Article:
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  • Writer's pictureReid Stevens

What Iowa Has Taught Me

As a member of the Iowa Caucus Project, I have learned several important lessons about politics, people, and myself. Here are my top 5.

5. Politics is still a personal game

Growing up in a small, politically irrelevant town, I always understood the importance of voting. Still, I never felt that any politicians cared about my vote. But after going around the state, seeing candidates talk to crowds from under 30 people to hundreds of people from all kinds of stages of life gave me hope that politics is still a game of connecting with the people that a politician hopes to represent, not simply collecting online date to bombard people with ads on social media, even if there is a lot of that too. Politics is still a grassroots game; you must know where to be. I have spoken with several candidates and would have even more if not for some scheduling and location conflicts. But I know where to go if I ever need to get personal with a candidate because I have a question or a strong policy opinion. 

4. People are more similar than most would believe

Interviewing caucusgoers meant meeting people from all over Iowa who check off nearly every demographic box. Yet they’ve all come to the same place, and by joining them– for the good of politics, the welfare of the United States political system, or Iowa’s status as a political hub, or whatever a person’s motivation is– you learn that while different reasons or circumstances brought you both there, but you are both there to defend or support what is important to you. Once both parties know this, it becomes far easier to conduct business cooperatively. Thus, talking to strangers became easier because while I couldn’t say I was at an event to support their candidate, I would tell them, “I’m here to support Iowa.” Then, I successfully created connections, and people were more honest and personal in interviews. They even introduced me to other people they knew, which gave me even more information to work with to continue promoting the caucuses. 

3. To be successful, details matter 

Political candidates need to have their details down pact. After an Iowan sees a candidate sees a candidate more than once or twice, the events begin to blend, meaning the small things can stick out. Sound issues, bad venues, messing up their answer to a question, or part of their stump speech, even if it’s a minor screw-up, will not go unnoticed. So what do the candidates do? They go through their routines so often that it becomes second nature like they are actors in a play. Iowans go beyond surface-level observations, such as claims made in campaign ads and seeing that the candidate traveled to Iowa, and instead, ask them how they will achieve their goals and going to see them in their city or town. To be successful, just pretend like you’re doing something for the people of Iowa because they will scrutinize your work until they’re happy, which is a lesson I have considered for my work.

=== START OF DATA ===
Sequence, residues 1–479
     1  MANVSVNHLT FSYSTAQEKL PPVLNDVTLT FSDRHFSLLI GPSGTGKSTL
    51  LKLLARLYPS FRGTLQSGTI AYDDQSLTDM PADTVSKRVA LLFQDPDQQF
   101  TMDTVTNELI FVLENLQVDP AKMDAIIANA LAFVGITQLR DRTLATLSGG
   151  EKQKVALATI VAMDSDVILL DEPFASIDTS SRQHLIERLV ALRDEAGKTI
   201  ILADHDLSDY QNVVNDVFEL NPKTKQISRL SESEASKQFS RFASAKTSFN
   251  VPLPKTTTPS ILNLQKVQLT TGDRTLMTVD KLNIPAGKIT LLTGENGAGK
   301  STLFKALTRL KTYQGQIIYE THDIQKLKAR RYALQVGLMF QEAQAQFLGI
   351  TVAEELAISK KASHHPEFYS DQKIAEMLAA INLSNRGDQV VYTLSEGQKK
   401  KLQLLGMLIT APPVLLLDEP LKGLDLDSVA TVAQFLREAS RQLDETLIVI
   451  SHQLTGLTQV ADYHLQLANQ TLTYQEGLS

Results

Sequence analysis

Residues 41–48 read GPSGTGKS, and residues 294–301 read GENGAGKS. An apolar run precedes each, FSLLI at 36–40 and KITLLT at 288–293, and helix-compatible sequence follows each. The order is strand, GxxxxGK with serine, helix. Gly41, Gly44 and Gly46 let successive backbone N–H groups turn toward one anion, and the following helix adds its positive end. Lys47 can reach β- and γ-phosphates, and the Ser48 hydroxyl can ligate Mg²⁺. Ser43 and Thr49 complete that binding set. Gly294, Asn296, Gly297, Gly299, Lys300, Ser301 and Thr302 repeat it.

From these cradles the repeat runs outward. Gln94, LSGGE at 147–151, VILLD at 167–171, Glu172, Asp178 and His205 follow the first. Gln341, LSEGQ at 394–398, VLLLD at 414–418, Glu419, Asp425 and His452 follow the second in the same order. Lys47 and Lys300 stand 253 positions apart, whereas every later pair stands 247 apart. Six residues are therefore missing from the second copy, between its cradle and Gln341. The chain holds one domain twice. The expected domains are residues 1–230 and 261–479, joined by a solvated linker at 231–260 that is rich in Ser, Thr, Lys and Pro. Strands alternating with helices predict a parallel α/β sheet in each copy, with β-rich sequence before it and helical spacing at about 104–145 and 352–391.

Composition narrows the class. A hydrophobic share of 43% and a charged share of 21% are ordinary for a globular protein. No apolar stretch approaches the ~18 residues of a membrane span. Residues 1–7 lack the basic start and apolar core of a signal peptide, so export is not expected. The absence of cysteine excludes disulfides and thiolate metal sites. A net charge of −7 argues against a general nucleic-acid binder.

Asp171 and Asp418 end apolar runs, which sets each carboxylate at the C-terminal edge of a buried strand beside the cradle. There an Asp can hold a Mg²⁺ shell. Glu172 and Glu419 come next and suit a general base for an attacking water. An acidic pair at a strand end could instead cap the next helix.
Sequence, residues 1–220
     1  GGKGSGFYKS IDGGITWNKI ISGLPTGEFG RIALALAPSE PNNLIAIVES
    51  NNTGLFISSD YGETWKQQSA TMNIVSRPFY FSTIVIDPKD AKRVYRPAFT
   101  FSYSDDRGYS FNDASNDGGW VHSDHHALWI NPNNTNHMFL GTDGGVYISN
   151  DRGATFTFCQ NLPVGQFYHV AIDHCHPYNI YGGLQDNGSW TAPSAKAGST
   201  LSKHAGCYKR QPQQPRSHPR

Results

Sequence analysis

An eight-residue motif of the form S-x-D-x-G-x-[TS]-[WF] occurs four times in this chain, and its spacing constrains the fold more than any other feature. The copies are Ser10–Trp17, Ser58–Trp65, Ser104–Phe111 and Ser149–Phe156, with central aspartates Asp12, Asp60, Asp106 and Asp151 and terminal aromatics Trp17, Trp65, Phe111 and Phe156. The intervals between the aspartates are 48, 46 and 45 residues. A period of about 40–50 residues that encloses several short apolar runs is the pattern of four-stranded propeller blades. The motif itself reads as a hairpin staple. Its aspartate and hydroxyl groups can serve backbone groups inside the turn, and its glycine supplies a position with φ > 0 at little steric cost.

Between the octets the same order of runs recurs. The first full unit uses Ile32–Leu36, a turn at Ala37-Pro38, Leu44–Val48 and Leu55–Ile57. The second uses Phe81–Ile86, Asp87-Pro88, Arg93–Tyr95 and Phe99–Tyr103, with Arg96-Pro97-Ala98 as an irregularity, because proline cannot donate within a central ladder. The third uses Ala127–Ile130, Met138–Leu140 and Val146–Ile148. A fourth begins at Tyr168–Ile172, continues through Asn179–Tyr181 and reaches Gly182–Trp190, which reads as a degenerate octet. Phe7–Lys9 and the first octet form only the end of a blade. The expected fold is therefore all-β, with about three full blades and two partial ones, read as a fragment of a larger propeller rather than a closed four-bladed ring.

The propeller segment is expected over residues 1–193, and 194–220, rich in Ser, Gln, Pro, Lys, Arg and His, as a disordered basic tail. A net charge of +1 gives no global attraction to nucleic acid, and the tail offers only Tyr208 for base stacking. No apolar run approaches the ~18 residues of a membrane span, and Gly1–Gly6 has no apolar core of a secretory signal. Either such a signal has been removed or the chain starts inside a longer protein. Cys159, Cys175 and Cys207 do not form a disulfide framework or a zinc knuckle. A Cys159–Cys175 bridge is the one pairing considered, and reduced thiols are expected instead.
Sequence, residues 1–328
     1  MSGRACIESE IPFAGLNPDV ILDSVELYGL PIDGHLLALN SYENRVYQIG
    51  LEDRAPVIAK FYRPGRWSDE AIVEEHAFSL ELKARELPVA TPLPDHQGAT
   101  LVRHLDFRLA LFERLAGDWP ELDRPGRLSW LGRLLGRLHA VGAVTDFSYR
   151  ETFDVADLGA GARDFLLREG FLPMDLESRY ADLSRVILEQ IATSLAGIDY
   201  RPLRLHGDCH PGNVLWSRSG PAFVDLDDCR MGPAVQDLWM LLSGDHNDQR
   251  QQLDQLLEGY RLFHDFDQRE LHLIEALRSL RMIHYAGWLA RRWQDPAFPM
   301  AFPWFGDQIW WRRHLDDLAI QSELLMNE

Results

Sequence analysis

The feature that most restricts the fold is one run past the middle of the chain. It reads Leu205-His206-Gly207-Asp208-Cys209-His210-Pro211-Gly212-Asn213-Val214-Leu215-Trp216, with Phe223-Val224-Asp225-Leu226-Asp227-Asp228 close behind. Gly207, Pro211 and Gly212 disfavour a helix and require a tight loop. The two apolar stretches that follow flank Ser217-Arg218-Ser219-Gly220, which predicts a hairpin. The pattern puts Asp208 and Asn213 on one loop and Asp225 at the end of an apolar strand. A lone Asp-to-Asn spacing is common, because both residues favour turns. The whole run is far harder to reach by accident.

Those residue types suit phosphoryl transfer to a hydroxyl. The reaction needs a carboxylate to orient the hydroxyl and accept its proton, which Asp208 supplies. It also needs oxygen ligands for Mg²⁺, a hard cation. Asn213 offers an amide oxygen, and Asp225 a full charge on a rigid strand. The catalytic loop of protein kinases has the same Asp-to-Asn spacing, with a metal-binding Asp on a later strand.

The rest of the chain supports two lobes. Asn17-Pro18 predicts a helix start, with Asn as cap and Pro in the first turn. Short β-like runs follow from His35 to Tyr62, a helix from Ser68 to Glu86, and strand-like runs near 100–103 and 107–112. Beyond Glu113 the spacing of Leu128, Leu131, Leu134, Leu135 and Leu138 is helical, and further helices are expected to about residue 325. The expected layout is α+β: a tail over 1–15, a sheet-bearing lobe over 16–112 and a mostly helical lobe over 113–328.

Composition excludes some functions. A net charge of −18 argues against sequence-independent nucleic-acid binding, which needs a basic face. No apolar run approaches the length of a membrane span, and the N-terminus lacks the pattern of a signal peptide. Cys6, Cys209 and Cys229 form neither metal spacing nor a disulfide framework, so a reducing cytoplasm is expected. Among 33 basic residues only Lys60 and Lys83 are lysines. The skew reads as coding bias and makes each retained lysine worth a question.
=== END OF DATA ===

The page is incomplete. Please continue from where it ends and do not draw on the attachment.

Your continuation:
2. Achieving a mission requires everyone to be on board

The Iowa Caucus Project hosted our own Mock Caucus at Drake University in November, which was a large project that needed many moving pieces to be in place, from organizing the catering, reserving the space, getting the word out, and getting guest speakers. Accomplishing this relatively short time required everyone to decorate, set up chairs, welcome participants and guests, and so on. Yet, no matter how well-planned things are, new obstacles may appear. The weather was spotty on the night of Drake’s caucus-before-the-caucuses, which kept some at home. In contrast, others had difficulty finding the event space. But no matter what difficulties presented themselves, people were ready to face them head-on and worked to do so until the opening speech. Because of this, we had another successful Mock Caucus at Drake University, keeping the tradition alive, a theme we hope to continue spreading throughout Iowa. 

1. The only way to understand is to do

The only way to truly understand what someone is going through is by walking a mile in their shoes. Like many, I have often heard this quote related to empathy, personal relationships, and character. However, I had never considered that it is also true in Academia. The Iowa Caucuses can easily be read about in news articles. Still, many who limit themselves to that don’t understand the caucuses and why they are so important. When studying the caucuses by living them, you notice the details, build relationships, challenge your personal beliefs, and play a more prominent role than most Americans in determining the presidential election's outcome. If I never lived in Iowa and went through the caucus cycle, I would never have understood that, even if I did know the difference between a Democratic and republican caucus and why candidates so frequently hold events at Pizza Ranch restaurants. But something would be missing,  a combination of the previous items on this list: the humanity or personal aspect that separates an Iowa Caucuses guru from an Iowa Caucuses expert.


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